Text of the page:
shovel-knight-levelThe whole concept of Shovel Knight is ridiculous and awesome or perhaps just ridiculously awesome. I mean, a knight that goes around fighting people with a shovel is just hilarious in its own right but the idea opens up some interesting gameplay ideas. Personally I would have loved to see some more elements that involved digging and some interesting secrets and puzzles to go along with it but at its core Shovel Knight is an action platformer first and foremost. I want to compare it to something like Mega Man but I don’t actually have a lot of Mega Man experience. Shovel Knight might actually be closer to, a lot closer actually, Duck Tales–even down to Shovel Knight’s ability to bounce continuously on enemies and certain objects with his shovel. There’s a lot more to it than that, however. In addition to bouncing and swinging your shovel you can also collect and buy various relics and upgrades throughout the game. There’s a wide variety of optional sub-weapons that you can acquire that not only help in defeating baddies but also provide some additional help in the platforming department by granting you the  ability to walk and travel over spikes or flight a short distance.

The overworl layout of Shovel Knight looks somewhat similar to Mario Bros. 3. All of the levels are connected by paths and in order to progress you need to defeat bosses to unlock the way through. There are also a few optional side areas where you can gather some extra treasure and even some wandering bosses. A few towns are also available and you can talk to NPCs and buy upgrades there. Each of the actual levels are themed to a specific boss like Mole Knight, Plague Knight, Propeller Knight, etc. This is what reminds me a little bit of Mega Man, especially since you get the option of a few levels at once and can tackle them in any order. Sometimes this can even prove to be helpful if there is a handy relic in another level that might make things easier for you later on.  The game is actually pretty difficult and you will die at least a few times be it from enemies or platforming. At the end I had 85 or so deaths so maybe I just suck. When you die you lose a portion of your acquired treasure and go back to the nearest checkpoint you reached, which can sometimes be pretty far away. Some of the treasure you lost will remain at the spot of your death in the form of floating bags and if you are able you can regain some of it. The higher treasure amount you have, which is what you use to purchase stuff and acts as somewhat of a score, the more you lose.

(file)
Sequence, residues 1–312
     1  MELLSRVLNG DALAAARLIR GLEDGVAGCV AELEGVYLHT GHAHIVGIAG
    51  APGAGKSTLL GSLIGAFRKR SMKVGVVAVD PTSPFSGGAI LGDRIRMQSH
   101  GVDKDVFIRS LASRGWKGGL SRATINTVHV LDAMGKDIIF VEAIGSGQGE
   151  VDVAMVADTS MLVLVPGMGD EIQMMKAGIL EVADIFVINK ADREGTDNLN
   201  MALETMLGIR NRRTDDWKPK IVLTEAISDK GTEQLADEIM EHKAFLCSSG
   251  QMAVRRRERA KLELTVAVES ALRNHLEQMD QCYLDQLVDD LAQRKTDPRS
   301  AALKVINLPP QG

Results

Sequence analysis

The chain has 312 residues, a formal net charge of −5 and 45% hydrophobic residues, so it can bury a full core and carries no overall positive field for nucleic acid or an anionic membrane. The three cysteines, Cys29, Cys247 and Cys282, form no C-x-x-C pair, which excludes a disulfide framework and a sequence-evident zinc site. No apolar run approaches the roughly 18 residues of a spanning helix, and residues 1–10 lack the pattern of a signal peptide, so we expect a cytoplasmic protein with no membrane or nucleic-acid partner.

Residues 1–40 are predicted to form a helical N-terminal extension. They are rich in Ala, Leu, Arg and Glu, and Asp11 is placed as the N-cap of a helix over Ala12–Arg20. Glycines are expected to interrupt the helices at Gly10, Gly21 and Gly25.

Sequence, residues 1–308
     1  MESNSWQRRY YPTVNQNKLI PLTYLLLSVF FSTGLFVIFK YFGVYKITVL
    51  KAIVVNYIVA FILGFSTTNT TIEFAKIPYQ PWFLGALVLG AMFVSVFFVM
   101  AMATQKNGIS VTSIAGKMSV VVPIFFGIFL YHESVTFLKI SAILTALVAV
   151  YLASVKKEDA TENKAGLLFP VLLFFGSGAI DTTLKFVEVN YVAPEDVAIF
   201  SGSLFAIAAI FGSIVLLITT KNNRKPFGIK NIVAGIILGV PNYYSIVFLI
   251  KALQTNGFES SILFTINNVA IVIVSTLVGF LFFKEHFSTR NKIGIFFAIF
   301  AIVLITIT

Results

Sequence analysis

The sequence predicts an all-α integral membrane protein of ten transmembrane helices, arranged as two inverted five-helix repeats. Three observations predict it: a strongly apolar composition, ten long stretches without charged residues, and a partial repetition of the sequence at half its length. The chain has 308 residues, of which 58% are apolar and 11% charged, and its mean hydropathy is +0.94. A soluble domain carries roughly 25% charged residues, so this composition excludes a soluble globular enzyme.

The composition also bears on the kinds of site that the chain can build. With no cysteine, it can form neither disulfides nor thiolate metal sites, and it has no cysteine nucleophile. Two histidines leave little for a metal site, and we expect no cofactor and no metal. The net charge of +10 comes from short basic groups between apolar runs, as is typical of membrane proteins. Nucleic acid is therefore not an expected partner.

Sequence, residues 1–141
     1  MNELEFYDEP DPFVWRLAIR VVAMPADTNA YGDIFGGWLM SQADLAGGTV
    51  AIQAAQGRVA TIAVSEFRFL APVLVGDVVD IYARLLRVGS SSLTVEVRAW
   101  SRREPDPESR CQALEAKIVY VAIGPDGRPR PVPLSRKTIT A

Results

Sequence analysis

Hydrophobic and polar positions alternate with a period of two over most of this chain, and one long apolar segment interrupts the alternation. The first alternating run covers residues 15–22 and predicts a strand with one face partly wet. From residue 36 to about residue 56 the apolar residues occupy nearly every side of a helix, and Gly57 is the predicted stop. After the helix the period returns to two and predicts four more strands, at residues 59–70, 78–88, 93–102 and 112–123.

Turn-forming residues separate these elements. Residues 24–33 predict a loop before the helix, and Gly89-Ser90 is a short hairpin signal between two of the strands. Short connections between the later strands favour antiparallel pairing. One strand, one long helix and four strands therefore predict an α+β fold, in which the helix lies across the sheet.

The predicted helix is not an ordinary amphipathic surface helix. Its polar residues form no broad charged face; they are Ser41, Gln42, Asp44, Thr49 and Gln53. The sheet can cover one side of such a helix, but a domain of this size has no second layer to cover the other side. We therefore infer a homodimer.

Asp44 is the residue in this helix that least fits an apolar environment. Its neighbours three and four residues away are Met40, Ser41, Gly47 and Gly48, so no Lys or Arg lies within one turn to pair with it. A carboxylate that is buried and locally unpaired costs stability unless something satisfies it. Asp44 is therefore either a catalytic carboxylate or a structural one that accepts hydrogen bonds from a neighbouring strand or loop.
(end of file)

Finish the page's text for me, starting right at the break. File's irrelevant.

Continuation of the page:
shovel-knight-bossMy first run at Shovel Knight lasted around 8 or so hours and that was only at about 97% item completion. A new game + option exists which lets you carry over all your stuff into a harder version of the game and right now I’m working through that. A form of achievements also exist called Feats. Some of them are fairly easy while others are just straight up crazy. I mean, complete the game without dying? Don’t fall into a single pit? That’s just crazy but that’s another cool aspect about this and games like it. You can really make it as hard for yourself as you want by trying to beat the game without getting any relics, by destroying the checkpoints for money, trying to beat it in under 90 minutes, etc. All of which also have an attached feat.

Shovel Knight is a fantastic game and one that I wish could just keep going on and on without end. If you have a Wii U, 3Ds, or PC then you really need to check it out. The visuals are incredibly charming and the sprites are just awesome. The music is catchy and there is actually a lot of good variety to it. Plus the game is just loads and loads of fun. Support Shovel Knight and maybe we will get a sequel if we are lucky.